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December 14, 2021

I Need Someone

Dangerous Games

Someone had the sense to call 911.

We’d been playing Beer Pong and the usual games. Even though the girl was wasted, she kept egging us on to play another round. Then someone suggested 21 for 21. Game on.

After a few times around the circle, she stumbled off to the bathroom. Not long after, my bladder was bursting. I banged on the door to get her to hurry up, but she didn’t answer. I tried the handle. It wasn’t locked, but something was blocking the door. With help from another guy, we managed to push our way in. She was on the floor, on her back, puke down the front of her, and she’d peed herself.

“Ew, gross,” the guy said and left.

I managed to roll her on her side. And that’s when she started to shake. I mean, really shake. I shouted for help.

It seemed like forever before the ambulance came. The paramedic said she had alcohol poisoning, which is scary shit. I Googled the long-term effects; they’re not pretty. 

We’re the same age, same size. That could’ve been me. You know, I actually drank more than she did. Something I do most weekends. I’m starting to wonder if maybe…I have a problem.

What are addictions?

Any number of disorders—also called substance abuse disorders—characterized by repetitive behaviours and an inability to control the urge to use substances, despite the growing dependency, increased amounts to get the same effects, and resulting harm. When using, a person experiences a temporary “fix,” but the dosage needed to re-experience the “high” tends to increase with frequent usage.

Addictions take many forms. A person may be addicted to:

  • nicotine
  • alcohol
  • depressants or downers (Seconal, Valium, Xanax, Ambien)
  • stimulants or uppers (meth, cocaine, crack, Adderall, Ritalin)
  • opioid painkillers (heroine, morphine, codeine, methadone or other prescription pills)
  • club drugs (MDMA, Ecstasy, Ketamine)
  • hallucinogens (magic mushrooms, LSD)
  • inhalants (glue, paint thinner, gasoline)
  • synthetic drugs
  • food or sugar
  • caffeine
  • gambling
  • conspiracy theories
  • social media and video games

Addiction by Numbers:

How do you develop an addiction?

At first, a potentially addictive substance (cocaine) or behaviour (gambling) is pleasurable. Winning a jackpot or experiencing a high releases dopamine (associated with pleasure) in your brain. And because you’re only human, and we all like to feel good, you might like that feeling to happen again. And again.

Different drugs and behaviours tap into the dopamine reward circuit in different ways, and that’s why some, like heroine and nicotine, are more addictive than others, like caffeinated beverages. If you continue to use an addictive substance, you disrupt the normal dopamine circuitry:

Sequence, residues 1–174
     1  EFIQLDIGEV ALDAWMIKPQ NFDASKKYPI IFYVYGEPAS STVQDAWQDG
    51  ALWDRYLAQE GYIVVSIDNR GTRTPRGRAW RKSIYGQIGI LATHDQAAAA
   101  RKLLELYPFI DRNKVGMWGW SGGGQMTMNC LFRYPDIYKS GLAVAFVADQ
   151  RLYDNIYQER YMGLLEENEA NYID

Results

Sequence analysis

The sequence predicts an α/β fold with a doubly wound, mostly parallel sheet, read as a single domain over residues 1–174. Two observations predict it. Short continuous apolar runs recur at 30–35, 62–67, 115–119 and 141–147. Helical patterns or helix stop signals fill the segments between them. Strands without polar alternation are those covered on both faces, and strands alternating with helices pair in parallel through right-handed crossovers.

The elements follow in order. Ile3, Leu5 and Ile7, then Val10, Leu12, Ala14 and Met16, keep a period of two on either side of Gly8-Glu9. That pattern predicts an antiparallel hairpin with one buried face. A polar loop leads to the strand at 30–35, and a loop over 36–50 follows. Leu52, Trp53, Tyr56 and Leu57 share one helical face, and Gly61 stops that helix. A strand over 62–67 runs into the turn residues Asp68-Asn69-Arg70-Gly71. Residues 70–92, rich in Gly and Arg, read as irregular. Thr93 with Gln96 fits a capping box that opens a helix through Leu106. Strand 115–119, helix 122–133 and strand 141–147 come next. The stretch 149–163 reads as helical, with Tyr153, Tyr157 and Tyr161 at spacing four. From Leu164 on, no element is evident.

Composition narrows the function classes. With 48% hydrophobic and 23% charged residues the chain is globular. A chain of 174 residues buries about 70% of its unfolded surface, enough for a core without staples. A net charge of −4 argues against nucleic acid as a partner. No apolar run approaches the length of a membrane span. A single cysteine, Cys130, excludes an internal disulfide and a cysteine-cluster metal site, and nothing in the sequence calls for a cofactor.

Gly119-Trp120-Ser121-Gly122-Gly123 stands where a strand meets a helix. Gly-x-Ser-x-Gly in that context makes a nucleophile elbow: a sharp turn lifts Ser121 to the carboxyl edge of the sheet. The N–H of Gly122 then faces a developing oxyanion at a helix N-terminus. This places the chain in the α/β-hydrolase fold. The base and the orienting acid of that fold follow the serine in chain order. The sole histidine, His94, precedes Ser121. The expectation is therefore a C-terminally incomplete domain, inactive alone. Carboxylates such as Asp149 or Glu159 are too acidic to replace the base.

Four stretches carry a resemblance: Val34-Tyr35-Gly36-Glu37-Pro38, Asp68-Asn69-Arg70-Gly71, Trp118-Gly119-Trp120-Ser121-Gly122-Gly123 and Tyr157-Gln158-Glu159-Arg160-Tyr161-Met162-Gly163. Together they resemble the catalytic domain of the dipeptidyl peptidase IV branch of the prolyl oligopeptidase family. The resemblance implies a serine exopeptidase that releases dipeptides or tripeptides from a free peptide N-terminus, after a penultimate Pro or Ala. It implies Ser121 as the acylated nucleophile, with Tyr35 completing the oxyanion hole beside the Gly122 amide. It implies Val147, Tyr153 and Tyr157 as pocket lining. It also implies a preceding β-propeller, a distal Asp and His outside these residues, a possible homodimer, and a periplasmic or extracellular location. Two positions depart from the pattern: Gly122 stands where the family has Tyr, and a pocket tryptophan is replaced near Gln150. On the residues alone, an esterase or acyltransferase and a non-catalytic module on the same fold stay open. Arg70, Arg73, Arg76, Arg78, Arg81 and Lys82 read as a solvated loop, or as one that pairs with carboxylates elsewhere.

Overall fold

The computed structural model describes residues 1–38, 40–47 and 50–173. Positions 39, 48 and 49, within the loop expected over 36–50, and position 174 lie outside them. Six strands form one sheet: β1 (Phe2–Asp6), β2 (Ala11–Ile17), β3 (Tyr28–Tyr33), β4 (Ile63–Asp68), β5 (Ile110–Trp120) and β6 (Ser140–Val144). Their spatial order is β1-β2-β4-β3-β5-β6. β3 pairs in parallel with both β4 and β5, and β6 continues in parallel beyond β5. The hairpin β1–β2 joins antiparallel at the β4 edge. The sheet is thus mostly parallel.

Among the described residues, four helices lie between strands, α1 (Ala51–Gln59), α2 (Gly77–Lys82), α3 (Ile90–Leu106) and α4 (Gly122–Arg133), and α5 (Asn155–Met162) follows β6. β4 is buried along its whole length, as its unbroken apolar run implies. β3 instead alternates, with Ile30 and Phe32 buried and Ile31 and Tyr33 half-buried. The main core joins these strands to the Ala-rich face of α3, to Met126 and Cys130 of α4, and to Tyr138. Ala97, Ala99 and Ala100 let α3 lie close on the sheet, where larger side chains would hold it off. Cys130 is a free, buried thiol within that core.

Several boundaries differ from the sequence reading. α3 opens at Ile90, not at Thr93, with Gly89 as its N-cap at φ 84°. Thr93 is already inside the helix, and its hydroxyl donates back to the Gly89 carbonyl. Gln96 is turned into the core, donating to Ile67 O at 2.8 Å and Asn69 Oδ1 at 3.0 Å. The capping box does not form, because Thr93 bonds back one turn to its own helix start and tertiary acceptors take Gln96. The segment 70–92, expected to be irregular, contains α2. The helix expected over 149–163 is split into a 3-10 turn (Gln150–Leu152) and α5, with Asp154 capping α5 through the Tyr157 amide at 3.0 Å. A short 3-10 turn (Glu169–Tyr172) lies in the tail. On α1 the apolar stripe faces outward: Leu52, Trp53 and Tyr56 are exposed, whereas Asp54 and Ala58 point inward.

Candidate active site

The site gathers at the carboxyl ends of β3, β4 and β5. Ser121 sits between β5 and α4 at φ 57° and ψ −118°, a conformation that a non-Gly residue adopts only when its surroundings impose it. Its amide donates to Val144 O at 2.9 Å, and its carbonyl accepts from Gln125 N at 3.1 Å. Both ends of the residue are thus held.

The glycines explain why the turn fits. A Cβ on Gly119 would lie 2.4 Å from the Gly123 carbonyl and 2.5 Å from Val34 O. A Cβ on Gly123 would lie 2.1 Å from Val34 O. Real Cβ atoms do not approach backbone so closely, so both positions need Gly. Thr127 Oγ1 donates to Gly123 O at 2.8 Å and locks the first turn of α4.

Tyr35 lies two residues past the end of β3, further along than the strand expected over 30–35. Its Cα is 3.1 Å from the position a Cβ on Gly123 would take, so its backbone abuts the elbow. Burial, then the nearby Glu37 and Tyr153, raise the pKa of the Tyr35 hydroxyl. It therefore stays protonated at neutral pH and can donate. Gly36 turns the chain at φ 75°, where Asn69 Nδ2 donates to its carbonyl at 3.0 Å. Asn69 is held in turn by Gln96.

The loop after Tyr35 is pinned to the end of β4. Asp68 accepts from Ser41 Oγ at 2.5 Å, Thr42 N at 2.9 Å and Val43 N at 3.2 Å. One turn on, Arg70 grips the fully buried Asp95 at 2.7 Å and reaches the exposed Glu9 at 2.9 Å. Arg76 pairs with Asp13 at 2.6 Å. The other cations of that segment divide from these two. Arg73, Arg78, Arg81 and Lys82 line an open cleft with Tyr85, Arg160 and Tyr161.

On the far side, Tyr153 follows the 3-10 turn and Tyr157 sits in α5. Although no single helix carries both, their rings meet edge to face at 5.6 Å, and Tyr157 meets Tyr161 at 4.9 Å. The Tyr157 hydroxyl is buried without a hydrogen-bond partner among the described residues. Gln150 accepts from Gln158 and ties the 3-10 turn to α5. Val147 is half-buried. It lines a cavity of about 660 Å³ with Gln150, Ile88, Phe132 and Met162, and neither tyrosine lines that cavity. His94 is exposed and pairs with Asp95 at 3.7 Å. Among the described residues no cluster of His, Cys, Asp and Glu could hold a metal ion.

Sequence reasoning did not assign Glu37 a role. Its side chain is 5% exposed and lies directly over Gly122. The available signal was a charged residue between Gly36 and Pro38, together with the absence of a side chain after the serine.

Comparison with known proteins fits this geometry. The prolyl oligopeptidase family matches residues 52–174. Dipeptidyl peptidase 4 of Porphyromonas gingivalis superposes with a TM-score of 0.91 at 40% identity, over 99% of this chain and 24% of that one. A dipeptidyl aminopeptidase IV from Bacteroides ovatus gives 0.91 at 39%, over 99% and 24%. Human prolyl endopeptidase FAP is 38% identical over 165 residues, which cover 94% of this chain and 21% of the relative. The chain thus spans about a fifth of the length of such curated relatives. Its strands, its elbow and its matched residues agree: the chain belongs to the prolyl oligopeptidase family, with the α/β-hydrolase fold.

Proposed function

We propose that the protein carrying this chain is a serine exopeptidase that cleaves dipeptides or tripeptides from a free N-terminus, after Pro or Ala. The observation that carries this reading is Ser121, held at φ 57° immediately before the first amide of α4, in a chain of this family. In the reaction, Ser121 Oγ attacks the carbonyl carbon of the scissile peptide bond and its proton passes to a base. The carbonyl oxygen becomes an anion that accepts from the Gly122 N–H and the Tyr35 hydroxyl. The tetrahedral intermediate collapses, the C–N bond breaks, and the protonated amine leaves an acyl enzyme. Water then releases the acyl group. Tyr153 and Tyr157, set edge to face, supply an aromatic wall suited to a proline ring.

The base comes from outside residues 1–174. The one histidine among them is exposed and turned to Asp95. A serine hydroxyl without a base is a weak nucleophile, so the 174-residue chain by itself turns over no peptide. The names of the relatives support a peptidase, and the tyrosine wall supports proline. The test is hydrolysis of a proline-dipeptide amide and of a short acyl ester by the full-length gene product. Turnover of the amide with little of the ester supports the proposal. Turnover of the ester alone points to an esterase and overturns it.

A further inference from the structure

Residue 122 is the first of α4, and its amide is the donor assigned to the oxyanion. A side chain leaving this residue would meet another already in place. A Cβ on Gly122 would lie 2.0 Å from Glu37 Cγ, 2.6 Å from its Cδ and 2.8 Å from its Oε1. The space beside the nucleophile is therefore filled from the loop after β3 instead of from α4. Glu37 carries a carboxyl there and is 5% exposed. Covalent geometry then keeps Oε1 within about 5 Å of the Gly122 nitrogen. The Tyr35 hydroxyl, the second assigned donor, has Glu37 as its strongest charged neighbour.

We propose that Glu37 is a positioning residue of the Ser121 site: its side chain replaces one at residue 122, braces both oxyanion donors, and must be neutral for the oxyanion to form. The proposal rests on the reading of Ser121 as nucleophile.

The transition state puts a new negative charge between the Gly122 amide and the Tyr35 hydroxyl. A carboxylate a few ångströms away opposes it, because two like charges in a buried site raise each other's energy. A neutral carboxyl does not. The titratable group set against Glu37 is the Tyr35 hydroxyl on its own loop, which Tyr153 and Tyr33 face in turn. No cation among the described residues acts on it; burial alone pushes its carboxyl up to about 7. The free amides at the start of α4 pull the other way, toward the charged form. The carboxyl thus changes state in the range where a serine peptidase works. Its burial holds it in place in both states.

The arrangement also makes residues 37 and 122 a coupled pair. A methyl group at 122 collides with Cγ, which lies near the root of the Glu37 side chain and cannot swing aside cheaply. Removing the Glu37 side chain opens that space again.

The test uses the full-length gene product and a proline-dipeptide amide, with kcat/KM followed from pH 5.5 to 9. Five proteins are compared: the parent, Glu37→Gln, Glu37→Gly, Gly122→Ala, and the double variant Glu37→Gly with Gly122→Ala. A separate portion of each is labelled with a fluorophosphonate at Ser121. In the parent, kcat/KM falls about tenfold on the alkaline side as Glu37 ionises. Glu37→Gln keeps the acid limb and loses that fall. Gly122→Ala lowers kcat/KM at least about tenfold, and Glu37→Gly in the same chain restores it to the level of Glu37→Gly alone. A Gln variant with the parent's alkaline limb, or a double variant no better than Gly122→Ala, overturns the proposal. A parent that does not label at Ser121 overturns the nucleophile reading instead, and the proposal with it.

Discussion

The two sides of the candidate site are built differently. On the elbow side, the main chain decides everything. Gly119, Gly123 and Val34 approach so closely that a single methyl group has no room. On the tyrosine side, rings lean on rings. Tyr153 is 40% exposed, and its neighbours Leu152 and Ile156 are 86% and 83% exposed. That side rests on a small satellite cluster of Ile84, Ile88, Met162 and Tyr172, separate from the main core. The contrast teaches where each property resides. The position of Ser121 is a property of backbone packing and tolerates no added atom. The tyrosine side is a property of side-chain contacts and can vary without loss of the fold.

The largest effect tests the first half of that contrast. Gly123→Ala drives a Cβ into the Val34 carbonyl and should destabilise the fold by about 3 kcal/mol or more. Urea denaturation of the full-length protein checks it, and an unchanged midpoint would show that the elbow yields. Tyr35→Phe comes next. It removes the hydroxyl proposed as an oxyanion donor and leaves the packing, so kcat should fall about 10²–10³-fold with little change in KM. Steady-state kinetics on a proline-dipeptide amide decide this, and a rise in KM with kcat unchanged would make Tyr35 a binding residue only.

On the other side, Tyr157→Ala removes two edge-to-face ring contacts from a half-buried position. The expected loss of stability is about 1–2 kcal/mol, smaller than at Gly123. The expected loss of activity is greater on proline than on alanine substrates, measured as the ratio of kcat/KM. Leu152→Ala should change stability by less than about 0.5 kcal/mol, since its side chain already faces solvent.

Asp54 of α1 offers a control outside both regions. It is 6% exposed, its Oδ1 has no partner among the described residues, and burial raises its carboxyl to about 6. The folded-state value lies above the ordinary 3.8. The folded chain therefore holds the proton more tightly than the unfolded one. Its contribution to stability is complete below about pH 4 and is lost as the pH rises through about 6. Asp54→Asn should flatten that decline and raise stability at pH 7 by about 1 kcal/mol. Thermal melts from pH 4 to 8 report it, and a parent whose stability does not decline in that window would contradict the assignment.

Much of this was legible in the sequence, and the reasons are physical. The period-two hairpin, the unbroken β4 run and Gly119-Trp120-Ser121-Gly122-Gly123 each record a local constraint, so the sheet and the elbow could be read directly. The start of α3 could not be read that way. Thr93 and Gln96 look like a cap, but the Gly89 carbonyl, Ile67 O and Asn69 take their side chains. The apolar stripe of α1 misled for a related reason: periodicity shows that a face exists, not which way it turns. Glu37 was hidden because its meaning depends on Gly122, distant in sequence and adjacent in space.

• Brain adapts, tries to re-establish a balance between surges (brought on by substance/behaviour) and normal levels of dopamine
  • Brain produces less dopamine or reduces receptors
  • Cravings begin for the substance/behaviour to bring back higher dopamine levels
  • Tolerance rises, and you need larger amounts of the substance
  • Withdrawal begins, and you feel physically sick if you don’t get the substance

Risk factors for addiction:

HELP! I need somebody

Experimenting with addictive substances does not always mean a person gets addicted. Some people, however, have addictive personalities or predispositions. Some substances/behaviours are more addictive than others.

Substance use and addiction are on a spectrum ranging from beneficial use (e.g. coffee/tea to stimulate alertness) to casual non-problematic use (e.g. a social drink after work) to problematic use (e.g. binge drinking) to chronic dependence (e.g. habitual use with negative consequences).

Seek help if you experience the 4Cs:

  • Craving
  • Loss of control of amount or frequency of use
  • Compulsion to use
  • Continued substance use, despite consequences

Try this at home

  • remove reminders of your addiction from your home
  • ask friends and family for help and support
  • consult Kids Help Phone for resources and peer supports in your region
  • self-monitor for cravings/triggers and seek a sober network
  • get outside and explore nature
  • explore your surroundings with your senses (pleasant smells, images, textures, etc.)
  • exercise and eat well
  • try yoga and meditation
  • seek healthy ways to manage stress: explore life-enriching hobbies like photography, training a pet, listening to music, learning an instrument

Cultural strategy

Indigenous approaches to addiction treatment may be a “Two-Eyed Seeing approach”: an integration of Western and traditional practices that are as diverse as the cultures of people in recovery. Indigenous treatment for addictions may incorporate

  • dancing, singing, drumming
  • storytelling, talking circle
  • land-based activities
  • working with elders
  • smudging and prayer

Musical Notes:

Music therapy may be used as a complementary treatment for addiction and can ease stress, helping people to focus on and adjust to the demands of recovery, to deal with difficult feelings, and to enhance a positive mood or to relieve low self-esteem, loneliness, and self-doubt.

Watch the TedTalk with professional musician, Mike Stevens, founder of ArtsCan Circle.

Professional harmonica player, Mike Stevens travels to remote Indigenous communities to share his music with youth addicted to solvents. He’s given away hundreds of harmonicas to help his young listeners discover music for themselves.

For more information: